January 16, 2019: 247 illegal migrants rush the border in New Mexico.
This is a national emergency. pic.twitter.com/I6tLEQkbnX
— The White House (@WhiteHouse) March 13, 2019
Since October, U.S. border agents have encountered at least 70 large groups of 100 or more migrants, up from 13 such groups during the 2018 fiscal year.
Approximately 12,000 parents and children have arrived in the groups, generating tens of millions of dollars in smuggling fees.
U.S. officials call the system “The Conveyor Belt” and have asked Mexican authorities to help stop it. But the conveyor pattern has continued for months, part of a record-breaking surge in crossings by families that the White House has declared a “humanitarian and border security crisis.” Last month, 40,325 arrived in family groups, up 67 percent from January.
Border arrests peaked at 1.6 million in 2000 and began to decline, falling to 303,000 in 2017, the lowest point in half a century. But Homeland Security officials say they are on pace to encounter nearly one million unauthorized border crossers during the current fiscal year, as arrests reach their highest level in more than a decade.
The influx has left U.S. border security “at a breaking point,” U.S. Customs and Border Protection commissioner Kevin McAleenan told reporters last week.
Migrants continue to stream to the border in a variety of ways, with large numbers of Hondurans forming caravan groups and other Central Americans making the trip in smaller clusters and by more conventional means. But describing the express buses to reporters last week, McAleenan said the “shorter smuggling cycle” offered by the smugglers had cut the length of the journey from several weeks to “four to seven days.”
“The availability of these express bus routes means that more young children are arriving at our border, and we are seeing migrants arrive with illness and medical conditions in unprecedented numbers,” he said.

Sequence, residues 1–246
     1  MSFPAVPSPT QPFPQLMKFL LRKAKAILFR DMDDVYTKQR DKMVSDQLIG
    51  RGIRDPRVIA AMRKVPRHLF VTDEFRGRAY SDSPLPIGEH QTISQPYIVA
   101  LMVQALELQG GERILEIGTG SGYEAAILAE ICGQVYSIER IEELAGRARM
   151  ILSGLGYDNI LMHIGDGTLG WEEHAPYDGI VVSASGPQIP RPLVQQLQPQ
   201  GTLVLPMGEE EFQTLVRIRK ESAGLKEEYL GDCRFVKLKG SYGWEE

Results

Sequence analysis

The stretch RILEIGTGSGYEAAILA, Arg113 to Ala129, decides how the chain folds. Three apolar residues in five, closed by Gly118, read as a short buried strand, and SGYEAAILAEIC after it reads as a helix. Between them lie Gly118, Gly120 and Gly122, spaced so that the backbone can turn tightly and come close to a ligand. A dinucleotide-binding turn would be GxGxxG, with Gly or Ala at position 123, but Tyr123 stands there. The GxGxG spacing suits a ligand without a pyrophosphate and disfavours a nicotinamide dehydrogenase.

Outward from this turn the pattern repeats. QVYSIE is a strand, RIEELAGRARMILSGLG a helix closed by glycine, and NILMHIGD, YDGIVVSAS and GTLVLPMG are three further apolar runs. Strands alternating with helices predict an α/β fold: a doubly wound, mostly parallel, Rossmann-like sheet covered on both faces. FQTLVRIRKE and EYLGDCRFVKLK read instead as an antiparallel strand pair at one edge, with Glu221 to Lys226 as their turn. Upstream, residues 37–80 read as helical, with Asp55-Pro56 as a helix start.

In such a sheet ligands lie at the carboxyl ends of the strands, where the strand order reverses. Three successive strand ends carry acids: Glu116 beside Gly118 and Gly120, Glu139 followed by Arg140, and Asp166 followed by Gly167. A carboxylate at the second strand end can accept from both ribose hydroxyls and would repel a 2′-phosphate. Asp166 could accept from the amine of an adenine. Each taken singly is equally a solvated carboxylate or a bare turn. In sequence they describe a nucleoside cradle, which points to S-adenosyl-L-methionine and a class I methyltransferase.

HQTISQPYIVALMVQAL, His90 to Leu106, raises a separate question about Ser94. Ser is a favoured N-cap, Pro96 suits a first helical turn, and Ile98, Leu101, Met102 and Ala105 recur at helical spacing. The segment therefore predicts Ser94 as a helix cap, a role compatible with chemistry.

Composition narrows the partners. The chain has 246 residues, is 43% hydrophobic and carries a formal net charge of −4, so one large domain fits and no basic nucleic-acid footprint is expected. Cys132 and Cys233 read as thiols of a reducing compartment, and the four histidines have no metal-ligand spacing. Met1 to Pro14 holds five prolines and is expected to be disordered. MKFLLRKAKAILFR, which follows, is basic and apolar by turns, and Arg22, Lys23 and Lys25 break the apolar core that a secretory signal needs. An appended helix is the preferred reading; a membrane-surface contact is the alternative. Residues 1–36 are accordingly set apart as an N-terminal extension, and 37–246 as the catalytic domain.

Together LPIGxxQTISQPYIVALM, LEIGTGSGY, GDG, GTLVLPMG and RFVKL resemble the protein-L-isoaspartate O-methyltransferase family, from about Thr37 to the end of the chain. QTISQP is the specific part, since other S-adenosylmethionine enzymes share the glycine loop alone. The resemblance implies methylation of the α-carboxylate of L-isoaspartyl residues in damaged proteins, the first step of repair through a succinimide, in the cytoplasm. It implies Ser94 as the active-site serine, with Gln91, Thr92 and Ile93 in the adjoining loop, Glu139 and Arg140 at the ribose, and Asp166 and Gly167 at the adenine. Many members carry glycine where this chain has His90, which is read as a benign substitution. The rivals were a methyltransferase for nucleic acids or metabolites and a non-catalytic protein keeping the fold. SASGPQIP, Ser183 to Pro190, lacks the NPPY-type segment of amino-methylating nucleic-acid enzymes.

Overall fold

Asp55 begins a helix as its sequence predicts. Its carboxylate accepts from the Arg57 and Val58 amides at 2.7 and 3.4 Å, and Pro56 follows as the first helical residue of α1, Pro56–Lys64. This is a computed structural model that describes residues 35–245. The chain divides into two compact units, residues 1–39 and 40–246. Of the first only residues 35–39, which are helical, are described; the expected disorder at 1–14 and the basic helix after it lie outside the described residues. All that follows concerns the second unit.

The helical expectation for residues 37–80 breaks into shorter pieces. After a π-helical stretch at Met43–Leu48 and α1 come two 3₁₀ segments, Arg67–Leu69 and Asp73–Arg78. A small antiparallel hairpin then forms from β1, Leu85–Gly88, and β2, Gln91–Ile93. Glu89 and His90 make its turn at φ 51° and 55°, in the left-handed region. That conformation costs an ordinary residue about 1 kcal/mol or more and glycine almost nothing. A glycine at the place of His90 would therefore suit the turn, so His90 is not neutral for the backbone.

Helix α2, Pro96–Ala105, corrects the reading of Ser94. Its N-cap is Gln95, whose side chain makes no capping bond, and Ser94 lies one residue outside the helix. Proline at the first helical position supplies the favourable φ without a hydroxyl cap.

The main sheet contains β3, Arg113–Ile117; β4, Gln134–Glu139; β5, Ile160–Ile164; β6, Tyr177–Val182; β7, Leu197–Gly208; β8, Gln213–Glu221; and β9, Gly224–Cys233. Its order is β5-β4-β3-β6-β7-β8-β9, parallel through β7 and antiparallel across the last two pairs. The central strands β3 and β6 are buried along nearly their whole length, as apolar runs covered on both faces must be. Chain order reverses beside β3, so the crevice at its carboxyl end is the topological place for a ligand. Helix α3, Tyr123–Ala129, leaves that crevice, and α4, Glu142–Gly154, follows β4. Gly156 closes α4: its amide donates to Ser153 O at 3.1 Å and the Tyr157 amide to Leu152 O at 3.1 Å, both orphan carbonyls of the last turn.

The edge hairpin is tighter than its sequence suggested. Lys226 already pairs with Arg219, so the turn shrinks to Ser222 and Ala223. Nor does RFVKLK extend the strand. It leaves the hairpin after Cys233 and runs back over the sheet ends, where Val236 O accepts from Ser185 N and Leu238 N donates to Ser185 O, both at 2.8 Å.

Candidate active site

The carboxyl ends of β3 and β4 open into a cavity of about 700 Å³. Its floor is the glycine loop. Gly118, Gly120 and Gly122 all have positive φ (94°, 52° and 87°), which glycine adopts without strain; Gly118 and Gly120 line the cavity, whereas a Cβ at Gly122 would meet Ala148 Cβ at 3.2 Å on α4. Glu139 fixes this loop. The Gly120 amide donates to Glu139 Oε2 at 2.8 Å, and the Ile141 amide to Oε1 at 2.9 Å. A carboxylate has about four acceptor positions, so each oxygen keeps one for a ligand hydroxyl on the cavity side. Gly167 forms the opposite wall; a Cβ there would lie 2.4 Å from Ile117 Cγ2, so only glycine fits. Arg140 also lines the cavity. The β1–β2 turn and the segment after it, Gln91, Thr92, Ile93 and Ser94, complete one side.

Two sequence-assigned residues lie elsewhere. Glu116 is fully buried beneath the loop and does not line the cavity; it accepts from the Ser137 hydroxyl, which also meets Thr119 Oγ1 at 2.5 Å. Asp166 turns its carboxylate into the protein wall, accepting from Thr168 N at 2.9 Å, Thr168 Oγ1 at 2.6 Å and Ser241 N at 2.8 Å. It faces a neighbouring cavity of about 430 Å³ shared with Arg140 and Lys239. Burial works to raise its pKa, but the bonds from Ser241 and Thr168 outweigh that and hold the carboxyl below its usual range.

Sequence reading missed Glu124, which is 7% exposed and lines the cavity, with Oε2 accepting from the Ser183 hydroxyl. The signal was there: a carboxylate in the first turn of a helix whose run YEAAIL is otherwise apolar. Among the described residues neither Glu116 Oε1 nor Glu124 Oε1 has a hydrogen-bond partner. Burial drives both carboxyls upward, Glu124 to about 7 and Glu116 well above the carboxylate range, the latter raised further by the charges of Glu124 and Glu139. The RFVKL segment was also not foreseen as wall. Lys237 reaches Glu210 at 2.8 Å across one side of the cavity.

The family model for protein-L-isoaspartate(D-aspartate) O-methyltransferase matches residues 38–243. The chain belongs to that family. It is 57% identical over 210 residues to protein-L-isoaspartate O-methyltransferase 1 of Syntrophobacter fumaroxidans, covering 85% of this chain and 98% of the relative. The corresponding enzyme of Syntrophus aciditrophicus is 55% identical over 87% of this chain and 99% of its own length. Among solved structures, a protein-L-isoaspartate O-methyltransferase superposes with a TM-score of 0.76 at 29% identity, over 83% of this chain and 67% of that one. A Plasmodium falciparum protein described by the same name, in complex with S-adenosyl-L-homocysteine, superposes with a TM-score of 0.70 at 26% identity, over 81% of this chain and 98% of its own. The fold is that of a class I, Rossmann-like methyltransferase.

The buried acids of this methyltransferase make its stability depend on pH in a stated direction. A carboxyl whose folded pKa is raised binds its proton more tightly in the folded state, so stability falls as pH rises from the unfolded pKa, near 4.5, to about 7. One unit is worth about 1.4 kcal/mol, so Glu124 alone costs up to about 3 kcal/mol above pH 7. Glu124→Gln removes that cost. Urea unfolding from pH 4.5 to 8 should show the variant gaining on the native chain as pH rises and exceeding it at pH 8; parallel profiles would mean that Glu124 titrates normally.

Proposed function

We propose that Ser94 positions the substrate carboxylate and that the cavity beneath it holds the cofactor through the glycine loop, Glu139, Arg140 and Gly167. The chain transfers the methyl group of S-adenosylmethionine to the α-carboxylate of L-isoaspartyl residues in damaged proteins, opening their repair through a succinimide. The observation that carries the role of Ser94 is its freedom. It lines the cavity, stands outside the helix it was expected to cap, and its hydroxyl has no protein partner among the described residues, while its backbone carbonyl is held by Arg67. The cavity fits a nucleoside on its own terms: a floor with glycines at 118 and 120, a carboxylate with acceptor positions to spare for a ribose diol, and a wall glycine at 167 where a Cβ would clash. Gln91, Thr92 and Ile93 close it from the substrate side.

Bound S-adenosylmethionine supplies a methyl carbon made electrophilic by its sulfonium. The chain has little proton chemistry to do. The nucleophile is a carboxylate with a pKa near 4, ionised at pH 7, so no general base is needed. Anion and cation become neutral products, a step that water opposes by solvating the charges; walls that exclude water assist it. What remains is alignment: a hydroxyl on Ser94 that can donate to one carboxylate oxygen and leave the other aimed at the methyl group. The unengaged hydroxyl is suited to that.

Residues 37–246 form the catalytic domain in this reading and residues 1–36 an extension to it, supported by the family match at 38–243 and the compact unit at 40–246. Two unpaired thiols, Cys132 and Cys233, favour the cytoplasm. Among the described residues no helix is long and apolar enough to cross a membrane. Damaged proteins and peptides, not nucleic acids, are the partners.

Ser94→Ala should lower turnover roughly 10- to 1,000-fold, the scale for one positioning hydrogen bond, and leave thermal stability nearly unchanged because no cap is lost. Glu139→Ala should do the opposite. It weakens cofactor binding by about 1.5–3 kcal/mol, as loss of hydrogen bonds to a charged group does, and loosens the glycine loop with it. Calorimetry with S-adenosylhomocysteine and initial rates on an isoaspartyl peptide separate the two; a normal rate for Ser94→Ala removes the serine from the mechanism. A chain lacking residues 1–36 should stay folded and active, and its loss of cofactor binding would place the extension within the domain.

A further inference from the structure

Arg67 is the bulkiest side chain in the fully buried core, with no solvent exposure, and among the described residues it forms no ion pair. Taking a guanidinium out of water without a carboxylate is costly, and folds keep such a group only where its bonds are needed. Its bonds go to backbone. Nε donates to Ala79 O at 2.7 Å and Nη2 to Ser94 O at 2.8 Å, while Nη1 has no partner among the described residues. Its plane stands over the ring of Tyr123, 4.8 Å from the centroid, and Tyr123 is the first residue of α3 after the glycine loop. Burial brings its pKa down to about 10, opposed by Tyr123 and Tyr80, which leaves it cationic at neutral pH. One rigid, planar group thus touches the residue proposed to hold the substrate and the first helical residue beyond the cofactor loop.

The mass “give-ups” let migrants skip lines at official points of entry, and they can await processing on the U.S. side of the border, where it’s safer.
The pattern has become so routine that U.S. officials say some large groups form their own queues as they present their documents to agents, as if they were waiting in the arrival hall of an international airport.
“They line up as if it’s some kind of regular immigration process, in single file, like they’re checking in,” said one U.S. official, who spoke on the condition of anonymity to discuss the pattern. “It’s unbelievable.”
With the swelling arrest numbers, calls for a border wall have intensified. But in recent weeks, large groups have crossed in areas near central El Paso, where tall, modern steel barriers are already in place. Wading through shallow stretches of the Rio Grande, the migrants reach U.S. soil and wait to be taken into custody on the narrow strip of no man’s land between the river and the border fence.
Agents took in 700 migrants in El Paso one night last week, including groups of 252 and 112. Among them was an unaccompanied 2-year-old.
credit: in part with https://www.washingtonpost.com/national/the-conveyor-belt-us-officials-say-massive-smuggling-effort-is-speeding-immigrants-to–and-across–the-southern-border/2019/03/15/940bf860-4022-11e9-a0d3-1210e58a94cf_story.html?utm_term=.471716af723a